Chinese officials ramp up avian flu prevention plans

More than 20,000 birds have been culled in Shanghai in an effort to stop the spread of a new strain of avian flu that’s killed six people.

The first three diagnosed cases of the H7N9 strain were confirmed Sunday. Since then, a total of 14 cases have been reported in China, along its eastern coast, CNN reports. There have been no confirmed cases of human-to-human transmission yet, although officials have found a “genetic overlap” between the strain infecting humans and pigeons in a Shanghai poultry market. Chickens, ducks, geese and pigeons from a live poultry trade zone were culled.

Officials are in the process of temporarily closing all live poultry markets in Shanghai and disinfecting them.

A seven-year-old Hong Kong girl also is being tested for the virus after returning from Shanghai with flu-like symptoms, according to The Economic Times. If confirmed, it will be the city’s first official case. Officials have said the girl had contact with poultry.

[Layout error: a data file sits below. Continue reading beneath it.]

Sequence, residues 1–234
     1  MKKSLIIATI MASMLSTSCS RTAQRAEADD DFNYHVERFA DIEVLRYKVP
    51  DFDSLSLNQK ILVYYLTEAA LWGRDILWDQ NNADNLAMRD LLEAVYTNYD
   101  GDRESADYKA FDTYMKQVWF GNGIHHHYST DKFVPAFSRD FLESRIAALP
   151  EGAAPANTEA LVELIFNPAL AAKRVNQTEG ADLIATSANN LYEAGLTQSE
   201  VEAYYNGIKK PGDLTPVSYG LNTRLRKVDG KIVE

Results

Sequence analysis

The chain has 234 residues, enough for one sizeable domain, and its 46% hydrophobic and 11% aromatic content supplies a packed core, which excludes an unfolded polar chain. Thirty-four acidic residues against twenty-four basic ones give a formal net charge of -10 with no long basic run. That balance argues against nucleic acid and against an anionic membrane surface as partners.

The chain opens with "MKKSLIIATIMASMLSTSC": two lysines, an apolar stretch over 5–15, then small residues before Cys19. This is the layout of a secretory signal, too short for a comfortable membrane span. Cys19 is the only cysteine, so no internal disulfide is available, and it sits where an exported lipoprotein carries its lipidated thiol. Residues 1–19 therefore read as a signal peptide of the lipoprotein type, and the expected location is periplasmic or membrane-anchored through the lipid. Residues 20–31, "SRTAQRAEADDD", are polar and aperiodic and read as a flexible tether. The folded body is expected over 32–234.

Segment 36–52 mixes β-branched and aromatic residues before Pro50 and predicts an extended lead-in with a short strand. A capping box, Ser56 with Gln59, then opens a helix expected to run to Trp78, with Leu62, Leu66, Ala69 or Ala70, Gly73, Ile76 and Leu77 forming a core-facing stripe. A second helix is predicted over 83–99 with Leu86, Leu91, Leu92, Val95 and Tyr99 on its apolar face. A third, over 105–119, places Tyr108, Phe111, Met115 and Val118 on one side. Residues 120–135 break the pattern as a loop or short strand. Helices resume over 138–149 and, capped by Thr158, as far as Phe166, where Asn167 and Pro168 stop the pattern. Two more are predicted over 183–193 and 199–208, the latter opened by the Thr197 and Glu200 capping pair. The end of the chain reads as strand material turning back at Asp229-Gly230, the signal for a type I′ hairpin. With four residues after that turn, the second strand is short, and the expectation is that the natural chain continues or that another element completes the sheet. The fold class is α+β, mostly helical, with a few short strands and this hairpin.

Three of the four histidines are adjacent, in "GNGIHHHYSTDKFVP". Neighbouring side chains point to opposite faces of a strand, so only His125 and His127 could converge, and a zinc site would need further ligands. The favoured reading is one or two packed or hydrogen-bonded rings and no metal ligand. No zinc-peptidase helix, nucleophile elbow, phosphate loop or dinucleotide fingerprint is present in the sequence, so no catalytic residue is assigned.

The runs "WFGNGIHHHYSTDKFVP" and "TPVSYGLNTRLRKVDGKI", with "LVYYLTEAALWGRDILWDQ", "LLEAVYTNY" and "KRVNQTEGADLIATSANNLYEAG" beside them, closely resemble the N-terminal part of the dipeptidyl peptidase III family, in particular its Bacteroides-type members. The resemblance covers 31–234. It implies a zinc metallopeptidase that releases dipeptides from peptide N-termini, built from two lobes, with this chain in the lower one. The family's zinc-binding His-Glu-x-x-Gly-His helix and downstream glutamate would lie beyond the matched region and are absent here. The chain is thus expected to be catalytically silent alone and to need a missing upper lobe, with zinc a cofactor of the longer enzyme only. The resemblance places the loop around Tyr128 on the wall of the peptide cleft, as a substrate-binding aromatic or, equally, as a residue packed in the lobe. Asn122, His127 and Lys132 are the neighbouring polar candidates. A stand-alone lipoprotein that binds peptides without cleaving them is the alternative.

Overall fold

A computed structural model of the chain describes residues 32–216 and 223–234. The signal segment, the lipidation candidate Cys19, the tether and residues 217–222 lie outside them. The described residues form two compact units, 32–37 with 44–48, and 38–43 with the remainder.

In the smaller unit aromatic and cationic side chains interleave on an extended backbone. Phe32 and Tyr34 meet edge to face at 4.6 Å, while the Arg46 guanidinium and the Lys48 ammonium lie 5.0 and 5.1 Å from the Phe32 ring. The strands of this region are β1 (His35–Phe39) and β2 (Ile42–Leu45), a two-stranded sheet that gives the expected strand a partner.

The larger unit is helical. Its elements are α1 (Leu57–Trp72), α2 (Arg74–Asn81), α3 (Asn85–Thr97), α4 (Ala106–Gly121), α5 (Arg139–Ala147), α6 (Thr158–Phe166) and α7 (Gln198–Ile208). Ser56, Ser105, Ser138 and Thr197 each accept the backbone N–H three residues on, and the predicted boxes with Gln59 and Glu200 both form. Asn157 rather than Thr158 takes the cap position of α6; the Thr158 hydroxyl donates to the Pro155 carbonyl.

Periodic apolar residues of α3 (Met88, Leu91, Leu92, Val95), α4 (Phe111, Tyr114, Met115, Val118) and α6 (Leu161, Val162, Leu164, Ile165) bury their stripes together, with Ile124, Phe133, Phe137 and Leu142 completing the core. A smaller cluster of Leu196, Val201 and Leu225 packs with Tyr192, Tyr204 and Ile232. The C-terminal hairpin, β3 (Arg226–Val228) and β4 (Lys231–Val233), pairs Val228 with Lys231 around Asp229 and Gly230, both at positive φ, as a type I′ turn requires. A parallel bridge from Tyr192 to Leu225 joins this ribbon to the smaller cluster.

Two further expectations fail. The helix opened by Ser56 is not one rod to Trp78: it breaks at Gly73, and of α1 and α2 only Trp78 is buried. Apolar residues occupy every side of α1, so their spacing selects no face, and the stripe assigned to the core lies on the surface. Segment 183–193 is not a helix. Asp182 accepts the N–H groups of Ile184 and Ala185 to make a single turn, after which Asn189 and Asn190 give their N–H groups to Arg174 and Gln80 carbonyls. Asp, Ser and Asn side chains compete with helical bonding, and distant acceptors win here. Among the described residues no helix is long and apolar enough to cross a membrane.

Hong Kong health officials plan to increase poultry testing and health checks on those crossing the border, the Times reports.

In Jiangsu, where several of the cases have been reported, authorities have designated treatment centers and stepped up monitoring programs.

Vietnam imposed an immediate ban on all Chinese poultry imports and increased monitoring at its northern border. The government also culled “thousands” of chickens that had been smuggled over the border, the Wall Street Journal reports.

Thailand also is watching the situation. Officials there have been instructed to examine droppings and carcasses of migrant birds and to restrict poultry imports, according to Bernama, the national news agency of Malaysia.

Most are familiar with the H1N1 strain of avian flu that first became a concern in 2003 among those who had contact with infected birds. Since then, it’s killed more than 350 globally.

For more avian flu coverage from Neogen blog, click here.

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